1. Personal Finance

    A Day in the Life of an Equity Research Analyst

    What does an equity research analyst do on an everyday basis?
  2. Mutual Funds & ETFs

    ETF Analysis: PowerShares S&P 500 Downside Hedged

    Find out about the PowerShares S&P 500 Downside Hedged ETF, and learn detailed information about characteristics, suitability and recommendations of it.
  3. Mutual Funds & ETFs

    ETF Analysis: ProShares Large Cap Core Plus

    Learn information about the ProShares Large Cap Core Plus ETF, and explore detailed analysis of its characteristics, suitability and recommendations.
  4. Mutual Funds & ETFs

    ETF Analysis: iShares Core Growth Allocation

    Find out about the iShares Core Growth Allocation Fund, and learn detailed information about its characteristics, suitability and recommendations.
  5. Mutual Funds & ETFs

    ETF Analysis: iShares MSCI USA Minimum Volatility

    Learn about the iShares MSCI USA Minimum Volatility exchange-traded fund, which invests in low-volatility equities traded on the U.S. stock market.
  6. Markets

    The 4 Biggest Russian Mining Companies

    Discover information about the metals and mining industry in Russia, along with information on some of the largest Russian mining companies.
  7. Stock Analysis

    Should You Follow Millionaires into This Sector?

    Millionaire investors—and those who follow them—should take another look at the current economic situation before making any more investment decisions.
  8. Professionals

    What to do During a Market Correction

    The market has corrected...now what? Here's what you should consider rather than panicking.
  9. Mutual Funds & ETFs

    ETF Analysis: Vanguard Mid-Cap Value

    Take an in-depth look at the Vanguard Mid-Cap Value ETF, one of the largest and most popular mid-cap funds in the U.S. equity space.
  10. Mutual Funds & ETFs

    ETF Analysis: Schwab US Broad Market

    Take an in-depth look at the Schwab U.S. Broad Market ETF, an incredibly low-cost fund based on a wide selection of the U.S. equity market.
RELATED TERMS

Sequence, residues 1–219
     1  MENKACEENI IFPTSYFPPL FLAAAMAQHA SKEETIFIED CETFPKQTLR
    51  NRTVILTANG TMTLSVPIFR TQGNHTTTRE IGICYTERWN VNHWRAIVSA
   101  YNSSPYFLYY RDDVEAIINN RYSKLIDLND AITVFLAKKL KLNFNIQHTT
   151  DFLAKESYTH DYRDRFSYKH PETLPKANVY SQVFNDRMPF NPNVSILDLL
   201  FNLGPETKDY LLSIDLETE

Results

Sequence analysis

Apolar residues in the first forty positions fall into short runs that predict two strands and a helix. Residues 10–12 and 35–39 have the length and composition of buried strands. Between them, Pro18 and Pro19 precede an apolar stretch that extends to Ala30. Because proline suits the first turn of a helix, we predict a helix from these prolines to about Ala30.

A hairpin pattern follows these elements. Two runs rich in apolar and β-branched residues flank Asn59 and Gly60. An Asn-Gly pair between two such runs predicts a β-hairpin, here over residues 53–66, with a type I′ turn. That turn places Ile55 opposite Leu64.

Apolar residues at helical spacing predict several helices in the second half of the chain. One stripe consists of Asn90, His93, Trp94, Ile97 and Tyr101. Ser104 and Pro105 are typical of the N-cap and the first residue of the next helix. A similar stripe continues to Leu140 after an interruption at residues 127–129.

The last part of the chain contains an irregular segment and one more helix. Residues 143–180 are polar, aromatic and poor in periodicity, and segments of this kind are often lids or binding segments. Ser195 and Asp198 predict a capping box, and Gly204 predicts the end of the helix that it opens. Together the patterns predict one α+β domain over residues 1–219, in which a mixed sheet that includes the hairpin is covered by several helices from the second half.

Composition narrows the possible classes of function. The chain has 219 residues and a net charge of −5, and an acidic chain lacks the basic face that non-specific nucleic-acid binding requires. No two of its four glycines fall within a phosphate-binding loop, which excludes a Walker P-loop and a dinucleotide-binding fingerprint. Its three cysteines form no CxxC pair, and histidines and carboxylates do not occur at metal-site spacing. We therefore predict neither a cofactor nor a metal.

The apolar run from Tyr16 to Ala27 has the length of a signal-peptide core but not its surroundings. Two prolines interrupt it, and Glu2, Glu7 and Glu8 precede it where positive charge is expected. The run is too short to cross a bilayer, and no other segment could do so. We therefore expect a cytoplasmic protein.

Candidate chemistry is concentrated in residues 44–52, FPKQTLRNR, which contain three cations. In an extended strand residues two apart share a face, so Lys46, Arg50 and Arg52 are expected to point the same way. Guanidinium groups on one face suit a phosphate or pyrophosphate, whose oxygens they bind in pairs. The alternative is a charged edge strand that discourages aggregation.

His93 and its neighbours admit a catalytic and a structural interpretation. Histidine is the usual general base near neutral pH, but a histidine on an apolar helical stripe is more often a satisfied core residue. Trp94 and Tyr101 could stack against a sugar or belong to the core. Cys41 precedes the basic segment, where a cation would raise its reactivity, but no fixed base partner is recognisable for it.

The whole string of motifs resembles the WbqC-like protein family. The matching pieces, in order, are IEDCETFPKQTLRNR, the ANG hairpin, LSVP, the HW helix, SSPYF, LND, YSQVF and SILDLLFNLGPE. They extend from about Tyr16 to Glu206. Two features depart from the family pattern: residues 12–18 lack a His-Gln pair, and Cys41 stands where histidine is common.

1. Equity

    The value of an asset less the value of all liabilities on that ...
  2. Hard-To-Sell Asset

    An asset that is extremely difficult to dispose of either due ...
  3. Sucker Yield

    When an investor has essentially risked all of his capital for ...
  4. PT (Perseroan Terbatas)

    An acronym for Perseroan Terbatas, which is Limited Liability ...
  5. Ltd. (Limited)

    An abbreviation of "limited," Ltd. is a suffix that ...
  6. BHD (Berhad)

    The suffix Bhd. is an abbreviation of a Malay word "berhad," ...
RELATED FAQS
  1. What is the difference between called-up share capital and paid-up share capital?

    The difference between called-up share capital and paid-up share capital is investors have already paid in full for paid-up ... Read Full Answer >>
  2. Why would a corporation issue convertible bonds?

    A convertible bond represents a hybrid security that has bond and equity features; this type of bond allows the conversion ... Read Full Answer >>
  3. How does additional paid in capital affect retained earnings?

    Both additional paid-in capital and retained earnings are entries under the shareholders' equity section of a company's balance ... Read Full Answer >>
  4. What types of capital are not considered share capital?

    The money a business uses to fund operations or growth is called capital, and there are a number of capital sources available. ... Read Full Answer >>
  5. What is the difference between issued share capital and subscribed share capital?

    The difference between subscribed share capital and issued share capital is the former relates to the amount of stock for ... Read Full Answer >>
  6. What happens to the shares of stock purchased in a tender offer?

    The shares of stock purchased in a tender offer become the property of the purchaser. From that point forward, the purchaser, ... Read Full Answer >>

You May Also Like

COMPANIES IN THIS ARTICLE
Trading Center
×

You are using adblocking software

Want access to all of Investopedia? Add us to your “whitelist”
so you'll never miss a feature!